Economic transformation requires a change in worldviews

Progress Namibia - Economic transformation requires a change in worldviews
11 June 2018

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Reading a great book written by colleague and friend Maja Göpel called the Great Mindshift: How a New Economic Paradigm and Sustainability Transformations go Hand in Hand. I think most of us, albeit not all, agree that the only way we will deal with the extreme challenges we face as a global society and achieve a better life for all, is if we change the entire economic system, along with its current measurements. Those in agreement with this adopt a view that ecological systems host sociocultural systems and that economic systems are a subordinate means in successfully structuring human-nature relations. This is radically different to the view of the mainstream paradigm that pursues the ongoing integration of social and environmental concerns into economic governance logics by pricing them.

Göpel speaks about humans as individuals agreeing that the current system does not work, but then collectively acting as part of the current system. A trap, so to speak. She purports 'no one I know is not in favour of peace, of letting nature thrive and enabling every person and animal to live a life of dignity. So why is this not possible?' How do we make this possible, through individuals changing the system collectively?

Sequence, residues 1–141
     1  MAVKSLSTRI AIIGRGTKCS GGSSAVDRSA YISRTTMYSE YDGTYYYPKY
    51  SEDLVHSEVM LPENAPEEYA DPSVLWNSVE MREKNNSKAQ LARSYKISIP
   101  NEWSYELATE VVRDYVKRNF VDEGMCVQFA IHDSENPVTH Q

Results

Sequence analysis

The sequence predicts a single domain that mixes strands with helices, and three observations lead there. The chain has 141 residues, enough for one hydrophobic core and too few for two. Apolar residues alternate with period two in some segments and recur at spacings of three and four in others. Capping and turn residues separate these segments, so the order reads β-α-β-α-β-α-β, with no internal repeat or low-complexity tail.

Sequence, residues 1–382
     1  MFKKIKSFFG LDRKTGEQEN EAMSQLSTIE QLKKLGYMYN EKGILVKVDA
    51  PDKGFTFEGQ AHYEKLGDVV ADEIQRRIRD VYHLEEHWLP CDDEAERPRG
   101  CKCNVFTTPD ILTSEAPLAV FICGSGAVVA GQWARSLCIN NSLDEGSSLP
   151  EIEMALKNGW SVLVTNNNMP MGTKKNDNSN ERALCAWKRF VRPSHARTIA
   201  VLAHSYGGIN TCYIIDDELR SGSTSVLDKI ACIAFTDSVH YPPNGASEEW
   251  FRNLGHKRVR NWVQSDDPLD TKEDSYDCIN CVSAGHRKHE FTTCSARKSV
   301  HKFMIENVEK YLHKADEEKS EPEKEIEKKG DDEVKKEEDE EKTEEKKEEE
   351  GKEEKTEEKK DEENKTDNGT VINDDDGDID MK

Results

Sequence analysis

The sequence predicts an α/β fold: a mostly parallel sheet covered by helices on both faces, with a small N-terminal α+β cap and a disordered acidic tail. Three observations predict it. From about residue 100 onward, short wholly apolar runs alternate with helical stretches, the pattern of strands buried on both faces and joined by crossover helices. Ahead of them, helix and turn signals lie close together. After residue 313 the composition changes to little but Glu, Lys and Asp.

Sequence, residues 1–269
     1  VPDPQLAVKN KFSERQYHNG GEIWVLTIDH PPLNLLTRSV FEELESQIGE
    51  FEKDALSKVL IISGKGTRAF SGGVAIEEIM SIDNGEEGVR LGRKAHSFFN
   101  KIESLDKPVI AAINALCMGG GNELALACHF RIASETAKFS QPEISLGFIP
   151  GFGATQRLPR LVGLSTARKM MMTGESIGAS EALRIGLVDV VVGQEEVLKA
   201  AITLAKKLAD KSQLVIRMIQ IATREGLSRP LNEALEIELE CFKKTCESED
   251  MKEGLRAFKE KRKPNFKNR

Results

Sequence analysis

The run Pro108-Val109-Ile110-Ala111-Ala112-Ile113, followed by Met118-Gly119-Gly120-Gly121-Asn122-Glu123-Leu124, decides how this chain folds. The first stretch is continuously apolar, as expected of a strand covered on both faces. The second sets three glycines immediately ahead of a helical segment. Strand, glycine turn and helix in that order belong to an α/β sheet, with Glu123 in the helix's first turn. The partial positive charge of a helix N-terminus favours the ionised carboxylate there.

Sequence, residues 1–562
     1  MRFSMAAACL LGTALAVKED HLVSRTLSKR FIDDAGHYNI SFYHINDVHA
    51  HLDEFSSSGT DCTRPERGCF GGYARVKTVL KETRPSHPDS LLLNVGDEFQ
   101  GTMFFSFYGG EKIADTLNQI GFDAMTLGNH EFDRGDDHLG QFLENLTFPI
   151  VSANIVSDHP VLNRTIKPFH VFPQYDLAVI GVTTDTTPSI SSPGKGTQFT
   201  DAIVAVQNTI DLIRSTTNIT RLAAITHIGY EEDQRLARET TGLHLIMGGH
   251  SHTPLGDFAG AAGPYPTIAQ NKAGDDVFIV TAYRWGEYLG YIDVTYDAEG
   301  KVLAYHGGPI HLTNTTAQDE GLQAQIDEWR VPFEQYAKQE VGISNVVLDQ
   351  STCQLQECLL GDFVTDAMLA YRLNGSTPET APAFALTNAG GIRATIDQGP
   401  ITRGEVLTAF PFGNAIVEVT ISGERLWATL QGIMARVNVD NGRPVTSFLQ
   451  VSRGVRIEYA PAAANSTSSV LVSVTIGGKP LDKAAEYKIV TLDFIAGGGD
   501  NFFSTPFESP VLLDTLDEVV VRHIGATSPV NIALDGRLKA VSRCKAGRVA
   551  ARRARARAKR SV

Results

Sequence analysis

Radically repurposing the agenda (towards our global Vision 2030) would mean recoupling economic processes with human wellbeing and nature's law by making the economic dimension the one that needs changing. Given the current structural reality, the foremost strategy for successive change in this direction, she argues, i.e. the incremental strategies that can achieve it - is 'double-decoupling', namely:

1. Decouple the production of goods and services from unsustainable, wasteful or uncaring treatment of humans, nature and animals (do better).
2. Decouple the satisfaction of human needs from the imperative to deliver ever more economic output (do well).

As she says, the second has been given much less attention because the worldview informed by the current and mainstream economic paradigm cannot even countenance it. So, what we will need to do first is change our own worldviews. How many of us have transformative literacy (transformational and transformative are both words that do not have meaning, and thus their deserved weight, for many people, which is why they often cannot completely fathom the radical transformation needed to achieve the SDGs), as well as futures literacy (people's capacity to imagine futures that are not based on hidden, unexamined and sometimes flawed assumptions about present and past systems)?

Some Monday food for thought as we navigate our space to a better future for all...